In the centre of the court is a fountain for ablutions, often surmounted by a dome, and in the prayerchamber a pulpit and a desk for readers.
Monmouth himself did not escape insult in the street and from the pulpit.
The Groote Kerk, of Our Lady, whose massive tower forms a conspicuous object in the views of the town, dates from the 14th century and contains some finely carved stalls (1540) by Jan Terween Aertsz, a remarkable pulpit (1759), many old monuments and a set of gold communion plate.
He followed up his victory; a General Assembly at Perth was obedient to his will: the preachers were forbidden to criticize, from the pulpit, acts of parliament or of the privy council; they were forbidden to call conventions without the royal person or authority and to attack individuals in their sermons.
From henceforth it was Theofan's duty and pleasure to explain the new ideas and justify the most alarming innovations from the pulpit.
To him also belongs the great merit of liberating Russian preaching from the fetters of Polish turgidity and affectation by introducing popular themes and a simple style into Orthodox pulpit eloquence.
He was a constant preacher, and gave a great impulse to Trench's practice of inviting distinguished preachers to the abbey pulpit, especially to the evening services in the nave.
Their resentment was inflamed by a powerful party, embracing the magistrates, the ministers, the favourite eunuchs, the ladies of the court, and Eudoxia the empress herself, against whom the preacher thundered daily from the pulpit of St Sophia.
Mr. Livingstone's head was taken to Chelembwe's church, and the rebel leader preached a sermon with the head placed on the pulpit.
Von Ammon's style in preaching was terse and lively, and some of his discourses are regarded as models of pulpit treatment of political questions.
These were his last words in the pulpit.
In the course of 1833 he was chosen a member of the consistory, and rapidly acquired the reputation of a great pulpit orator, but his liberal views brought him into antagonism with the rigid Calvinists.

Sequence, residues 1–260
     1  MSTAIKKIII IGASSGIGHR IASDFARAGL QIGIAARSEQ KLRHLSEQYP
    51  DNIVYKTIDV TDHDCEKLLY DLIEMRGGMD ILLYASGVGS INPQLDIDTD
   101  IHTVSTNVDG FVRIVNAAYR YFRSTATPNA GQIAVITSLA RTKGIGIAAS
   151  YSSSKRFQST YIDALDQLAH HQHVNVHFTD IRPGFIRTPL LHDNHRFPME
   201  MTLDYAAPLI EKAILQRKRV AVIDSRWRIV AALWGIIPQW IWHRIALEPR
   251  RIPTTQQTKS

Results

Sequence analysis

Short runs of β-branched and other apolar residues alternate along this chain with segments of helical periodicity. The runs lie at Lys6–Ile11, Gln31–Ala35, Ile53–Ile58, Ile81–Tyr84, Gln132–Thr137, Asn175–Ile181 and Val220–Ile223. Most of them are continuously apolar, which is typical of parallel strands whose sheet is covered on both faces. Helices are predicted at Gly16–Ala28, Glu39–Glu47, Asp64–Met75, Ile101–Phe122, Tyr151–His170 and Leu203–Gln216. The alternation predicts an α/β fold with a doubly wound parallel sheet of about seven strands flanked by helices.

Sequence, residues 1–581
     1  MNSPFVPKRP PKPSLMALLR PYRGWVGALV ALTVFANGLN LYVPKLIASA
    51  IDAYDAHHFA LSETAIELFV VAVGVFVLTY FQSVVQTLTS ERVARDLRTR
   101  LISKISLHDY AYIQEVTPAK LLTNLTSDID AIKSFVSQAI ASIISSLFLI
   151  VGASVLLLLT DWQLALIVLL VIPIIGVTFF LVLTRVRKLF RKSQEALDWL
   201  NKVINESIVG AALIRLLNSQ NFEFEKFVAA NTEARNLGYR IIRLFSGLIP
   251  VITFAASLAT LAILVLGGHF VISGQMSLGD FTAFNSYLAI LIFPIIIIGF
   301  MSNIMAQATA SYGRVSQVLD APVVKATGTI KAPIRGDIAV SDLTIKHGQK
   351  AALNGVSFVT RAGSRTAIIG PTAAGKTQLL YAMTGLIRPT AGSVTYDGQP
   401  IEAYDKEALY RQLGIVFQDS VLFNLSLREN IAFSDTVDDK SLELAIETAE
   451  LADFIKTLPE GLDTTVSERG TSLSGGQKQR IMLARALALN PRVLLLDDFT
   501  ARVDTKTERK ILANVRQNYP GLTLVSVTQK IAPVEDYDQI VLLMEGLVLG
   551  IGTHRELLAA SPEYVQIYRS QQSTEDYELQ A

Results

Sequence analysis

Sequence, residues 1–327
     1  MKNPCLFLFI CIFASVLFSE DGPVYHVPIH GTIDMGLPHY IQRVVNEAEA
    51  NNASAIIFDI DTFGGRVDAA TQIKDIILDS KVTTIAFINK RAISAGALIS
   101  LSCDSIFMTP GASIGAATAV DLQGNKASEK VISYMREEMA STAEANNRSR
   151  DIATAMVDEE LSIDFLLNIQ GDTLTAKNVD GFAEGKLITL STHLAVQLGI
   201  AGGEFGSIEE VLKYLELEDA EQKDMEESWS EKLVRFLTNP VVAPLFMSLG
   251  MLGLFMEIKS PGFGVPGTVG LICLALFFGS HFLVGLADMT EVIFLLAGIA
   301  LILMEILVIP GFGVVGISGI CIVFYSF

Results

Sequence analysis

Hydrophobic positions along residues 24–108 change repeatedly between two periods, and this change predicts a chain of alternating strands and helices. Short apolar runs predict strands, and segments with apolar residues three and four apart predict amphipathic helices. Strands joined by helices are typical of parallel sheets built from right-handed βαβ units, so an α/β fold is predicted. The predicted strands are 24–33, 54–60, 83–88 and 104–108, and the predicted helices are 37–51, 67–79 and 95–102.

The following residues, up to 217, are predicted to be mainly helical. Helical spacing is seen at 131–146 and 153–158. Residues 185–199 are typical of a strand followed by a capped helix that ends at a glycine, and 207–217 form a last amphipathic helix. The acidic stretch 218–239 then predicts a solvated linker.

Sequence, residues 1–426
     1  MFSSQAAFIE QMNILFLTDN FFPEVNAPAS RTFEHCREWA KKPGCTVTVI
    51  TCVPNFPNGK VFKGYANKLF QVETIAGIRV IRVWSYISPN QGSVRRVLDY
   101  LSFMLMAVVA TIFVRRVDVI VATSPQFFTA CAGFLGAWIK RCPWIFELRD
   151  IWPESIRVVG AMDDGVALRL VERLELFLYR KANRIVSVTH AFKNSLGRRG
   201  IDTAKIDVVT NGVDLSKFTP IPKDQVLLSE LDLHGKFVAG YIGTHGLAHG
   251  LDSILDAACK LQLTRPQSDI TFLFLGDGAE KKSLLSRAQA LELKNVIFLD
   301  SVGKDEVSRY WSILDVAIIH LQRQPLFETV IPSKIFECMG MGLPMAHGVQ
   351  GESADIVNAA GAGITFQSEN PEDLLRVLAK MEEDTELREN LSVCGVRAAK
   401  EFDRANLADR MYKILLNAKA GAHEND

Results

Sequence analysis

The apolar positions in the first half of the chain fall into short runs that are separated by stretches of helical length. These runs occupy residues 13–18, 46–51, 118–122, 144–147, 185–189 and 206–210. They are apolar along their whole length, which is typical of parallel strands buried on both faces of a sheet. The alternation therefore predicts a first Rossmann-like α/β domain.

The cruciform church of St Saviour is of the 14th and, 5th centuries, and contains a graceful rood-screen of the 16th century, an ancient stone pulpit and interesting monuments.
694), at the moment when the people were assembled in the mosque for morning prayers, an unknown young man of insignificant appearance, with a veil over his face, ascended the pulpit.
He called the people together at the hour of prayer, publicly cursed Mansur from the pulpit and declared him deposed.
He next caused a circular letter, commanding all Maghribins to refuse obedience to the caliph, to be read from the pulpit throughout the whole extent of the Maghrib (western North Africa).
Among the churches mention must be made of the Zuiderkerk, or South church, with a conspicuous tower (1450-1525); and the Westerkerk, or West church, which possesses a beautifully carved Renaissance screen and pulpit of the middle of the 16th century, and a quaint wooden bell-house (1519) built for use before the completion of the bell-tower.
At the end of the sermon in Tristram he had intimated that, if this sample of Yorick's pulpit eloquence was liked, "there are now in the possession of the Shandy family as many as will make a handsome volume, at the world's service, and much good may they do it."
Before he was twenty-one he had preached nearly a thousand times, and in 1788 he had for a while occupied Rowland Hill's pulpit in London.
After one year at Hope chapel, Clifton, he was called to the ministry of Argyle Independent chapel in Bath; and on the 30th of January 1791 he began the work of his life there, attracting hearers of every religious denomination and of every rank, and winning for himself a wide reputation as a brilliant pulpit orator, an earnest religious author, and a friendly counsellor.
Newth in Pulpit Memorials (1878).
Cardinal Newman writes, "On Sunday July 14, 1833, Mr Keble preached the assize sermon in the University pulpit.